Placental Accreta Spectrum Disorders (PAS)



Incidence, risk factors and perinatal outcomes for placenta accreta in Australia and New Zealand

Cynthia M Farquhar, Zhuoyang Li, Sarah Lensen,Claire McLintock, Wendy Pollock, Michael J Peek, David Ellwood, Marian Knight, Caroline SE Homer, Geraldine Vaughan, Alex Wang, and Elizabeth Sullivan

Placenta accreta is an uncommon condition occurring during pregnancy which is characterised by abnormal placentation. The severity of abnormal placentation can be suspected by ultrasound and MRI and classified into three grades based on histopathology: the least severe and most common presentation is placenta accreta, in which the placental villi penetrate only to the surface of the myometrium. Placenta increta is characterised by invasion of placental villi into the myometrium. The most severe form is placenta percreta, characterised by invasion of villi beyond the myometrium to the uterine serosa and in some cases involving adjacent organs such as the bladder.1 The term ‘placenta accreta’ refers to all three conditions in this paper. Placenta accreta is associated with major pregnancy complications such as massive blood loss and hysterectomy and is potentially life threatening. Once the diagnosis of placenta accreta is established, the decision about mode of birth requires multidisciplinary team planning and often involves complex surgery or radiological interventions to reduce maternal and neonatal morbidity.



Placenta accreta spectrum disorder is a general term to describe a serious but rare complication of pregnancy when part of the placenta, or entire placenta invades and is inseparable from the uterine wall causing severe blood loss after delivery. After giving birth the placenta should separate completely from the uterus. If part or all the placenta remains attached, it is called placenta accrete spectrum disorder. It is also possible for the placenta to invade the muscles of the uterus (placenta increta) or grow through the uterine wall, sometimes extending to nearby organs (placenta percreta).


It usually shows no signs or symptoms in pregnancy although sometimes there is vaginal bleeding in the third trimester.  It can be suspected by a ultrasound scan. If it is detected during pregnancy an early c- section delivery followed immediately by a hysterectomy is likely to be required. Mothers that have placenta accreta are more likely to have their babies born preterm and be admitted to NICU.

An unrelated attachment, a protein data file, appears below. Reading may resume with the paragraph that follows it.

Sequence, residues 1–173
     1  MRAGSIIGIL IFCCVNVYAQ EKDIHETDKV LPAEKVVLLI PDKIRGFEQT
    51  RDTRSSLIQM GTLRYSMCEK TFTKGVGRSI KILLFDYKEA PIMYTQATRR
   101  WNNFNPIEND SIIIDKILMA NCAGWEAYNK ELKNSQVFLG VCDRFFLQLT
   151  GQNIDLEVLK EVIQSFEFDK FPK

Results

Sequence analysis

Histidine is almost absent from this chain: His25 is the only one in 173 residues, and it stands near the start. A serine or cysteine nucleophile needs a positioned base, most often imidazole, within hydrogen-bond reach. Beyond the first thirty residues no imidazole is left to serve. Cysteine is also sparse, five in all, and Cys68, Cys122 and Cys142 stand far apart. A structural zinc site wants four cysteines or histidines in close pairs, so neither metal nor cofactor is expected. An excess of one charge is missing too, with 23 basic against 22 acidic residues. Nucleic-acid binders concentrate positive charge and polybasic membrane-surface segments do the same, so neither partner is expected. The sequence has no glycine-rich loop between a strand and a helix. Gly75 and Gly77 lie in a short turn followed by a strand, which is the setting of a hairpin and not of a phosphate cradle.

Placenta accreta cannot be prevented.

The risk factors for Placental Accreta

  • Previous caesarean delivery with the risk increasing with number of deliveries.
  • Advanced maternal age
  • Prior uterine surgeries
  • Placenta Position – If the placenta covers or partially covers cervix.



Placenta Accreta Spectrum disorders can range from mild to severe. Once it has been diagnosed the doctor can create a plan for the safe delivery of the baby. The mother should recover completely if it is diagnosed and treated properly.  Some cases require a hysterectomy once the baby is delivered to prevent serious blood loss. This kind of birth trauma could cause women to develop Depression and Anxiety so it's important for mums to talk to their doctor for advice and where to find help and information.


Useful Links

Westmead Hospital, NSW - Fact Sheet Placenta Accreta

COPE – Centre for Perinatal Excellence

Through the Unexpected – Perinatal Diagnosis

Panda - Perinatal Mental Health


Confirmation Content

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